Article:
If any of the six original Music Rally songs did sound familiar, it’s because you may remember one of them as the theme to the opening movie of the PAL version of Gran Turismo 5 Prologue on PS3. The awkwardly titled SURV1V3, from long-time GT composer Daiki Kasho, is an internal Gran Turismo rock track that’s appeared on almost every instalment since 2007 (alongside the same dozen-or-so other Daiki Kasho tracks). Unfortunately, the cavalcade of certified bangers that helped define the first few Gran Turismo games outside of Japan (from established international artists outside of the GT development sphere) were forgotten. Now they’ve been forgotten again.
Allow me to stress I’m not going to begrudge you for finding any of the six new Music Rally songs catchy. Maybe you like European disco-funk. Maybe you’re into the pulsing version of the Battle Hymn of the Republic your grandma was dancing to back in 1982. I still just think it’s a massive missed opportunity.
To be fair, it should be stressed the music that GT fans in the West have weaved throughout their early experiences of the franchise likely carries little meaning within Japan. For clarity, the music you associate with the early days of Gran Turismo will actually vary based on whether you played them in North America or in PAL territories (including Europe and Australia/NZ). GT2’s North American intro, for instance, features My Favourite Game by The Cardigans, but the PAL version instead went for a somewhat listless remix of the same track. The in-game race music for each version was different, too.
The soundtracks for GT3 were also significantly different across the North American and PAL releases. The North American version kicks off with an energetic electronic remix of Lenny Kravitz’s Are You Gonna Go My Way and has almost double the songs of the PAL version (which opens to the incredibly infectious Just a Day from Welsh rockers Feeder).
However, the early GT games in Japan featured no licensed music at all. All the music was contributed by Japanese jazz fusion guitarist Masahiro Andoh and video game composer Isamu Ohira. The upshot of this is that Gran Turismo’s musical legacy isn’t one-size-fits-all; there are some significant cultural considerations to be made. Indeed, it’s entirely probable the crew at Polyphony Digital have zero emotional investment in the music that has such a potent nostalgic pull for GT gamers outside of Japan.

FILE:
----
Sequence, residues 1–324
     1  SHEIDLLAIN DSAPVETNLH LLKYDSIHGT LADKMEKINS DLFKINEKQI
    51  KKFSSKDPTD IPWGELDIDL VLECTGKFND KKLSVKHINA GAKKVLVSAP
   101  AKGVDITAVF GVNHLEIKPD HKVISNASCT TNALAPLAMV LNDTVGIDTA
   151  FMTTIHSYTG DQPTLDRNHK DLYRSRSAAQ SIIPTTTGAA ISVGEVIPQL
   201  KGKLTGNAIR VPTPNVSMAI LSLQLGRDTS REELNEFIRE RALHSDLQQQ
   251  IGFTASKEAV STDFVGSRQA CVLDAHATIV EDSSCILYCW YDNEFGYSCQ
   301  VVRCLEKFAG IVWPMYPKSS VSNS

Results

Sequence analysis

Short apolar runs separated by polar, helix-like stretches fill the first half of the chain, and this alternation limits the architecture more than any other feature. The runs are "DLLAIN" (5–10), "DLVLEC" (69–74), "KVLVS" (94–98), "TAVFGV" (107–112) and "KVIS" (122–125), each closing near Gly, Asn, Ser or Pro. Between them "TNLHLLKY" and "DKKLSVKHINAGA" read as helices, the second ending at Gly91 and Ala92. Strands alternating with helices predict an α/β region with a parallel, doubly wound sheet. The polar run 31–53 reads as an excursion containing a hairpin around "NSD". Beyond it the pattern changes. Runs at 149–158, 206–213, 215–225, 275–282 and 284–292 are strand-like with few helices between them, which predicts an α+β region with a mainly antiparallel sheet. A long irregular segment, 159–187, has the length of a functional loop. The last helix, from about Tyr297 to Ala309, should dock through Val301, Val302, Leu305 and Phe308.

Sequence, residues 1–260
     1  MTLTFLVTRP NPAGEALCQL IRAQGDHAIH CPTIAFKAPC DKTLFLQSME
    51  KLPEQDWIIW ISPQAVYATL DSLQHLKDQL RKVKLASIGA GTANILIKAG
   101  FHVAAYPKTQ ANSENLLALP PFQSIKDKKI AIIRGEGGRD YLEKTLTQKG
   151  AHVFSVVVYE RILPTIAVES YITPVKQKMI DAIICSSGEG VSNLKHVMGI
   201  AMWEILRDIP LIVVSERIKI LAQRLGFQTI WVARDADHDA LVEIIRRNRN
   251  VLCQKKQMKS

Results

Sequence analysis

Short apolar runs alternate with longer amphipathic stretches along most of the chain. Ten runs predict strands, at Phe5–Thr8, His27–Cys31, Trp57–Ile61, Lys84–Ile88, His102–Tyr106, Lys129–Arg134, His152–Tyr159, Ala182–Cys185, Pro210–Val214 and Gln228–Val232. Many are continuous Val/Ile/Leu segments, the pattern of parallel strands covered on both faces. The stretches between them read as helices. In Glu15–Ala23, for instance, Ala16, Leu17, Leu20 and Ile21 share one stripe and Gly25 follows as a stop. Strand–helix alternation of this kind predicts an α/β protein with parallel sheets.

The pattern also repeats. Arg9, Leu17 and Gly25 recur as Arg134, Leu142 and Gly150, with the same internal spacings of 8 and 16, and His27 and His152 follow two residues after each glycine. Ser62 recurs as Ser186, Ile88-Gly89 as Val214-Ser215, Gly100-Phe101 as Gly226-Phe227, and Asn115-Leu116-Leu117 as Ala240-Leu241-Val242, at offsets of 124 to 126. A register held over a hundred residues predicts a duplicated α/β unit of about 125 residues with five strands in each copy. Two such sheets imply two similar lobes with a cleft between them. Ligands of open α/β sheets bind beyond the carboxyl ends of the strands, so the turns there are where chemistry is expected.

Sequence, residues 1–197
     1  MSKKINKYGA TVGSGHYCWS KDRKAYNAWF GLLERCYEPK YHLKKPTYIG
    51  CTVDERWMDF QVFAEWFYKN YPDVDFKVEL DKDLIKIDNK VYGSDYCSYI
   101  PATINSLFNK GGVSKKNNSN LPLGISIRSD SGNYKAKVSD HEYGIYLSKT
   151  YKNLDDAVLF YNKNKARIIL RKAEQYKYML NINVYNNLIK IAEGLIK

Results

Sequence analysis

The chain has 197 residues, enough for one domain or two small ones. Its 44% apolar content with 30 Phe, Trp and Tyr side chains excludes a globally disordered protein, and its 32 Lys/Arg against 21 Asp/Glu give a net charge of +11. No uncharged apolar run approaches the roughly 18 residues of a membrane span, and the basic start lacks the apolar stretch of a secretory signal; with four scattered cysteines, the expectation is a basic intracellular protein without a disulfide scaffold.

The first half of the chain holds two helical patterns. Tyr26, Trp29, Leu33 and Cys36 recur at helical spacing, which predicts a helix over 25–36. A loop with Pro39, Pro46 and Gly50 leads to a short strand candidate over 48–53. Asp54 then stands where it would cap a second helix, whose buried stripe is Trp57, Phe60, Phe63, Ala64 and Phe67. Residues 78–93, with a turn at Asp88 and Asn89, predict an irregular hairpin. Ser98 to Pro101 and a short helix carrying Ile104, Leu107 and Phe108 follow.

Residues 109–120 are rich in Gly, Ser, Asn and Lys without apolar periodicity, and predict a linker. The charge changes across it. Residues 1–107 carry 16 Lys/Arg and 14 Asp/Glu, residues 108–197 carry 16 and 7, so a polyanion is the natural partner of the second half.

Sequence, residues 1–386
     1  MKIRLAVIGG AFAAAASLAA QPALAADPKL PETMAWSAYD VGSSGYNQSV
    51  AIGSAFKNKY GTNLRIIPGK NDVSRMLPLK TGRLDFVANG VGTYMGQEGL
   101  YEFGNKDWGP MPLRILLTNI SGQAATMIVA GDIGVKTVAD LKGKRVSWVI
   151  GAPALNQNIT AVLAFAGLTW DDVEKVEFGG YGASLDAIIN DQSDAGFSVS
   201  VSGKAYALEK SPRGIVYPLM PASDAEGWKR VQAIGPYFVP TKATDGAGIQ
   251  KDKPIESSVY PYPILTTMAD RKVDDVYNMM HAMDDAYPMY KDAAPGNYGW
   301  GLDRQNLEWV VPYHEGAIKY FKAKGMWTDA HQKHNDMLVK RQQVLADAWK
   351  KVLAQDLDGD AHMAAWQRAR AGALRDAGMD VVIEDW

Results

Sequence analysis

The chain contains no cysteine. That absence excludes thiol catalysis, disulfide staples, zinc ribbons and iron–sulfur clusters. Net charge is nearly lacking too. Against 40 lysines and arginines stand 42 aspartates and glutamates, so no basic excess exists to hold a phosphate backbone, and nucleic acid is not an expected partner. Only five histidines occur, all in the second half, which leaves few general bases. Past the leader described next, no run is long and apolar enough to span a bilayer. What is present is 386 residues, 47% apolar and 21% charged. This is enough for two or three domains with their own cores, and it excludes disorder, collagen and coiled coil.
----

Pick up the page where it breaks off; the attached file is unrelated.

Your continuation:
That said, one of the first six Music Rally events was set to a track called Green Monster (which was recorded for the Japanese release of the original Gran Turismo by Masahiro Andoh) so I think they get it. I appreciate using songs that appear to have been commissioned specifically for the Gran Turismo series in the first place is probably vastly cheaper, but GT7 isn’t really catering for its international audience evenly.
It’s definitely a shame. Some of my favourite video game soundtracks of all time have been racing games. Perhaps the majority, even. I’m a sucker for this stuff. When Playground Games celebrated the 10th anniversary of the Forza Horizon series by temporarily tweaking the intro of Forza Horizon 5 to recreate the opening to the original I got chills. I don’t listen to EDM, but in this context Porter Robinson’s Language helped trigger a blissful, aural trip back in time to my early days at IGN and my first experience with a franchise I may have played more than any other over the past decade.
This special Forza Horizon 5 intro for the 10th anniversary of the series is a ripper. pic.twitter.com/Mq80wJPlcu
— Luke Reilly (@MrLukeReilly) October 14, 2022
As inessential as GT7’s Music Rally mode is, I know I would’ve found events featuring much-loved songs from the previous games irresistible.
If they didn’t put any of it in the upcoming movie, they’re absolutely mad.
Luke is a Senior Editor on the IGN reviews team. You can chat to him on Twitter @MrLukeReilly.